The colocalization of the EGFR, α6β4, and phosphotyrosine in membrane ruffles and lamellipodia suggests the presence of an active signaling complex involved in cell migration. In fact, there is evidence that the activated form of the EGFR is localized in ruffles and lammelipodia, and that these structures are also sites of PLC-γ activation stimulated by EGF 10,15. Several other EGFR substrates, such as ezrin, spectrin, and calpactin II are recruited to membrane ruffles and have been detected in their phosphorylated form in these structures 5,8. The fact that we observed a striking colocalization of α6β4 with the EGF receptor in lamellipodia and ruffles suggests that these two receptors may interact to facilitate their ability to signal chemotactic migration. This possibility, which remains to be demonstrated for α6β4 and the EGFR, is supported by the recent finding that the α6β4 and α6β1 integrins associate with the erbB-2 receptor in several carcinoma cell lines 18. Nonetheless, it is evident from our data that activation of the EGFR has a profound effect on the localization of α6β4, and the close proximity of these two receptors in F-actin–rich areas, along with the other signaling molecules mentioned above, suggests cooperation in their signaling of chemotactic migration.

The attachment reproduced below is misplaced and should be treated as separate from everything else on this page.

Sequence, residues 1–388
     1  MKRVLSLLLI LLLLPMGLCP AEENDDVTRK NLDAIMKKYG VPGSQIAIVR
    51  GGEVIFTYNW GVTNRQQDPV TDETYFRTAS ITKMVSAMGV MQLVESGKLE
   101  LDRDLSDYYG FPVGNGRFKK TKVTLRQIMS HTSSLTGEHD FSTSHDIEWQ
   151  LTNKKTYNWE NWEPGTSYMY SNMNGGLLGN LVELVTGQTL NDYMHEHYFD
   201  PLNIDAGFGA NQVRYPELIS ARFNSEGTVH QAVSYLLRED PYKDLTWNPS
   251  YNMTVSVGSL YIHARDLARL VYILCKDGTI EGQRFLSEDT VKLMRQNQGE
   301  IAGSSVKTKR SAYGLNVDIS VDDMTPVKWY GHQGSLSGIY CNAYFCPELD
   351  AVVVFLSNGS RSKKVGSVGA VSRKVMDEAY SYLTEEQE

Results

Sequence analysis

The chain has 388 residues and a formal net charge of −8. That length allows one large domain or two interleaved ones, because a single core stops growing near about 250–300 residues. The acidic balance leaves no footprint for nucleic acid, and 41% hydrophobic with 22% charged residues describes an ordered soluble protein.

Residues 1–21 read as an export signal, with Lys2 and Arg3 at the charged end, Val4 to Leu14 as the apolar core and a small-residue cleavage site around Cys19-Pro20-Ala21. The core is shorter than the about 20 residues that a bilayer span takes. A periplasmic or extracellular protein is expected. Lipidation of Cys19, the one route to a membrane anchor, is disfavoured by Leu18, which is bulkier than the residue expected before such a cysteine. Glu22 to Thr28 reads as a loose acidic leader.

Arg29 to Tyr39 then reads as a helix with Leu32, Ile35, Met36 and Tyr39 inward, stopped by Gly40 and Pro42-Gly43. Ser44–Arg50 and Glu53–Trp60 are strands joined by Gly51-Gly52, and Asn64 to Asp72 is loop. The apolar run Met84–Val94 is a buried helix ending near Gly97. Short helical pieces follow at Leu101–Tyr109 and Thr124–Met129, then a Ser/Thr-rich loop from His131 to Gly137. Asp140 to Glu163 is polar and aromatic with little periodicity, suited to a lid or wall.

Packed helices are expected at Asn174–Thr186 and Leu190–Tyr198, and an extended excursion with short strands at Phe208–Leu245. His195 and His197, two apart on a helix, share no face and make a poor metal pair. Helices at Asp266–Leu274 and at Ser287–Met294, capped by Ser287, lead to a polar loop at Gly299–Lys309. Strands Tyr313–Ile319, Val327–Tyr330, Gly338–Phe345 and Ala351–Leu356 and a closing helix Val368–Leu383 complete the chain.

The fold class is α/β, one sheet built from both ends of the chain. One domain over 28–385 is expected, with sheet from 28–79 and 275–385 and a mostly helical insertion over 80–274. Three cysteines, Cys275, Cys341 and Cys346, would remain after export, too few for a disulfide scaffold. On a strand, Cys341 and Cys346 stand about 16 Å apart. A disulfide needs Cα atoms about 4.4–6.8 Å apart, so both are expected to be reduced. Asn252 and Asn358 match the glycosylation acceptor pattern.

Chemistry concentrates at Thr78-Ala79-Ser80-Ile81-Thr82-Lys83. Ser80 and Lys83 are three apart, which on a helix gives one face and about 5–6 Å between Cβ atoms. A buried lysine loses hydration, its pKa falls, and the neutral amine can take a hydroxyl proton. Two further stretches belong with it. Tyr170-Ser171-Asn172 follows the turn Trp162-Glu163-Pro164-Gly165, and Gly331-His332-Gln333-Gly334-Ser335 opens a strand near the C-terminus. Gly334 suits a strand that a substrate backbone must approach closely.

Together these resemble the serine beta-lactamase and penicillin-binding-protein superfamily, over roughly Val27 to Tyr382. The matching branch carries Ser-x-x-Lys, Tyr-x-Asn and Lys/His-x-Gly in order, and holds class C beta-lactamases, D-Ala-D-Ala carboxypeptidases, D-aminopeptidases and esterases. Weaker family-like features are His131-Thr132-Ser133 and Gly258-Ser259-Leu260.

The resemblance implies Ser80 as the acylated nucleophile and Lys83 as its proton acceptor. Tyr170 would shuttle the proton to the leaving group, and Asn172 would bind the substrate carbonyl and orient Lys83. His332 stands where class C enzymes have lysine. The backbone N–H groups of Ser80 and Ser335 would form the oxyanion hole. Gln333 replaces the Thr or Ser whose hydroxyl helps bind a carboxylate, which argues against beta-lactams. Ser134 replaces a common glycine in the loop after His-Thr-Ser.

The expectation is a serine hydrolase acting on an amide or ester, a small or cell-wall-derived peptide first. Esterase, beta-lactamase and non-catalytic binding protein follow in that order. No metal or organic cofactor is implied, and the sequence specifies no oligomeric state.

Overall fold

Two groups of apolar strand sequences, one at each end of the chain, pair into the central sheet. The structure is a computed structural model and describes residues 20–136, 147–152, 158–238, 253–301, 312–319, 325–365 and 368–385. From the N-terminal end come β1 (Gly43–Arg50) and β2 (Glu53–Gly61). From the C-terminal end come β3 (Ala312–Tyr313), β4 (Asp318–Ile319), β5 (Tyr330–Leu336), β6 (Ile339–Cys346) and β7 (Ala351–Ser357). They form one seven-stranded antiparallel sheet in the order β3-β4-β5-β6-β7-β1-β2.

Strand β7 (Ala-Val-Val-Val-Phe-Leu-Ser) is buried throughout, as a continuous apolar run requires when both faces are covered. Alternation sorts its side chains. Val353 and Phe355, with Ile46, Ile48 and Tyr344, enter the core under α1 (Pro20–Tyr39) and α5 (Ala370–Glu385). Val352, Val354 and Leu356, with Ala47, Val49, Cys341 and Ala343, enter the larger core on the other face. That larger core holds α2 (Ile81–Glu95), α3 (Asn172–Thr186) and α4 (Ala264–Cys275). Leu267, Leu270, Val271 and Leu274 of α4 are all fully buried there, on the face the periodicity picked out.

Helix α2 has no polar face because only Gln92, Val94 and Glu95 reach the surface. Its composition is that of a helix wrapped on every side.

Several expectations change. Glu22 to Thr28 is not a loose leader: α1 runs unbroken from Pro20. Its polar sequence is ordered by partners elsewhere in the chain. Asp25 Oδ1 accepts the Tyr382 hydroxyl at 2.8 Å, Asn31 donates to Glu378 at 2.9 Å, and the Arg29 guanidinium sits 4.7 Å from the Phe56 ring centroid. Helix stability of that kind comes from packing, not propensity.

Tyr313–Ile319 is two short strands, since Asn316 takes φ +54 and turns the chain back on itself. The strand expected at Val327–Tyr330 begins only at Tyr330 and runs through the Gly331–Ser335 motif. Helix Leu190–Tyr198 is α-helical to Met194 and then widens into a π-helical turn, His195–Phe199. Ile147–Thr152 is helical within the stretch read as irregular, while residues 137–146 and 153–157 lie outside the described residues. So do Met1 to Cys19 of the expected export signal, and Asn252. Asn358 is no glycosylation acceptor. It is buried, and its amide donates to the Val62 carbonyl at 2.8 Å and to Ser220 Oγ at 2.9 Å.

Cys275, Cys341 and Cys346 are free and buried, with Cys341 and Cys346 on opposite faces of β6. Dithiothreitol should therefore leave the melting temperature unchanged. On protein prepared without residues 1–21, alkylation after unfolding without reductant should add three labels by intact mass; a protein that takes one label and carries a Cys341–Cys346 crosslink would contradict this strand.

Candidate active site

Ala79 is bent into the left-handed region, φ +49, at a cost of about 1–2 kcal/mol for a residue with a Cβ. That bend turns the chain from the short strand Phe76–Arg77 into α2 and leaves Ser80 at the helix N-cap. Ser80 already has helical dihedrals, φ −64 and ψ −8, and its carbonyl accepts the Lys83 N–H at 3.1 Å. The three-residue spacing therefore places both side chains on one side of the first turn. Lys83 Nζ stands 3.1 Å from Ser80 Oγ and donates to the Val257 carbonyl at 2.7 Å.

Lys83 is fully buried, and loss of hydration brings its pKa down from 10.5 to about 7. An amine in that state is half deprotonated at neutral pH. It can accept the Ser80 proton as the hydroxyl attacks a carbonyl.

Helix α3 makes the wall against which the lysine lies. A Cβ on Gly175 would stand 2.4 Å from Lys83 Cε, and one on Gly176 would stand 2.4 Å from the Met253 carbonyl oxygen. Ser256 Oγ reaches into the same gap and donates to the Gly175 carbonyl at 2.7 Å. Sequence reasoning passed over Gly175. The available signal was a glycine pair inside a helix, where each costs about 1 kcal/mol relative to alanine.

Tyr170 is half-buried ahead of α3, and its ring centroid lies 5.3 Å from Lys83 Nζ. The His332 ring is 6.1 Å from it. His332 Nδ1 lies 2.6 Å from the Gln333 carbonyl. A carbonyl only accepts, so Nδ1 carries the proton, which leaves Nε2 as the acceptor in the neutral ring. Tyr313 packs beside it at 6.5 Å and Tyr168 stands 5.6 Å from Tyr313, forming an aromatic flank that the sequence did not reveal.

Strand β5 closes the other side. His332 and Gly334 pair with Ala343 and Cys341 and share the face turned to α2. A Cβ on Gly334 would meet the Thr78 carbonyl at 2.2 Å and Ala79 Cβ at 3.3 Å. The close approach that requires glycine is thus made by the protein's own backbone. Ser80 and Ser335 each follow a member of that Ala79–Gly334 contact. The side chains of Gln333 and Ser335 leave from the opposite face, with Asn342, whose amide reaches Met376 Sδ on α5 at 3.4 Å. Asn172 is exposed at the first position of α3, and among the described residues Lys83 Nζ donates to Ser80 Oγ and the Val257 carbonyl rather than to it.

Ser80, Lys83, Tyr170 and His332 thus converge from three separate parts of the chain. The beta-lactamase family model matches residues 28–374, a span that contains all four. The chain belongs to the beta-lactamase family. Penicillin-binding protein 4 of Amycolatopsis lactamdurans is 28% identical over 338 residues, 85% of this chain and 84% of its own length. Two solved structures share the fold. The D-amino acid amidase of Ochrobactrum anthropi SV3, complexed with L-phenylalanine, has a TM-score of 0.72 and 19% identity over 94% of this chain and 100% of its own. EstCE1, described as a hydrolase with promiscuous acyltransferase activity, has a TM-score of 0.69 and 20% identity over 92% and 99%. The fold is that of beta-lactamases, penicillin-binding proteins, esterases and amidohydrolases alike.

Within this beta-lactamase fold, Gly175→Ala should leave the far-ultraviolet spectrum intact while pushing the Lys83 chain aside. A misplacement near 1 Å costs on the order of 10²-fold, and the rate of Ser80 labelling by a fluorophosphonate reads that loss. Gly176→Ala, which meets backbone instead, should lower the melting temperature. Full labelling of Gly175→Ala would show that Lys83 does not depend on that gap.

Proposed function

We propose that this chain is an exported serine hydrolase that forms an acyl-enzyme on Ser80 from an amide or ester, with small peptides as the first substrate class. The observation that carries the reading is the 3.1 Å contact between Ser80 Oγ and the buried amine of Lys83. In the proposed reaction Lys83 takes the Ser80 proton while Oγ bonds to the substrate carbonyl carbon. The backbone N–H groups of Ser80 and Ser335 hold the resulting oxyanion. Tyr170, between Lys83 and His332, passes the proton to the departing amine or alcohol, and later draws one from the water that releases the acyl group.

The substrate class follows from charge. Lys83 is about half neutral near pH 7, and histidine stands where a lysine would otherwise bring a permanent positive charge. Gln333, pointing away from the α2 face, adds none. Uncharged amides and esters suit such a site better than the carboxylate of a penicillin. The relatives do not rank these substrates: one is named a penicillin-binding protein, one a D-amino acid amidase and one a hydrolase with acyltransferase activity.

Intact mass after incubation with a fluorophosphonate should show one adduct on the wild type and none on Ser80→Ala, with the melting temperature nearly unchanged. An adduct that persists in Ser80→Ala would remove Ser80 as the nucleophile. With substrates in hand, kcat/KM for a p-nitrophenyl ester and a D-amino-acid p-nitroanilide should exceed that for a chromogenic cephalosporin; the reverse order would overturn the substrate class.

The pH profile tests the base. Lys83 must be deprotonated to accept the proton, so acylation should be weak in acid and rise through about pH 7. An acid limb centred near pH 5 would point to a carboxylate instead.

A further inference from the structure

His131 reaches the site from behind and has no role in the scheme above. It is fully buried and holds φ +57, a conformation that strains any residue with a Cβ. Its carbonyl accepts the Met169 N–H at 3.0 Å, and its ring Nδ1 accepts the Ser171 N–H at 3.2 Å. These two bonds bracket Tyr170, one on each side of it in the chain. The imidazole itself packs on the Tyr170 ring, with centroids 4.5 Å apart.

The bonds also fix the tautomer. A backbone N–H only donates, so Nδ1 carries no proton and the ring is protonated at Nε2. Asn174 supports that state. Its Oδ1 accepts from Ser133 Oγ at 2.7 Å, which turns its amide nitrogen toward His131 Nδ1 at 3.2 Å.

In summary, our findings describe a mechanism for the chemotactic migration of carcinoma cells that assemble hemidesmosomes. An important implication of our findings is that the mobilization of the α6β4 integrin from hemidesmosomes by a PKC-dependent mechanism, is an essential step in the migration process, presumably because it releases the strong and stable adhesion mediated by hemidesmosomes and allows for the dynamic adhesive interactions that are required for migration. Importantly, we also demonstrate that the α6β4 integrin can associate with F-actin in lamellipodia and membrane ruffles, and participate in the migration process itself. Collectively, our results explain how this integrin can mediate both stable adhesion and cell migration. They also suggest that growth and motility factors that are known to promote tumor progression may function, in part, by changing the cytoskeletal interactions and localization of this unique receptor.
We thank Bao-Kim Nguyen for technical help. Valuable discussions were had with Robin Bachelder, Rita Falcioni, Kathy O'Connor, and Leslie Shaw.
This work was supported by National Institutes of Health grants CA80789 and CA44704, and the Harvard Digestive Diseases Center.
1.used in this paper: BPAG, bullous pemphigoid antigen; EGFR, EGF receptor; PKC, protein kinase C; PLC, phospholipase C; PI3K, phosphoinositide 3-OH kinase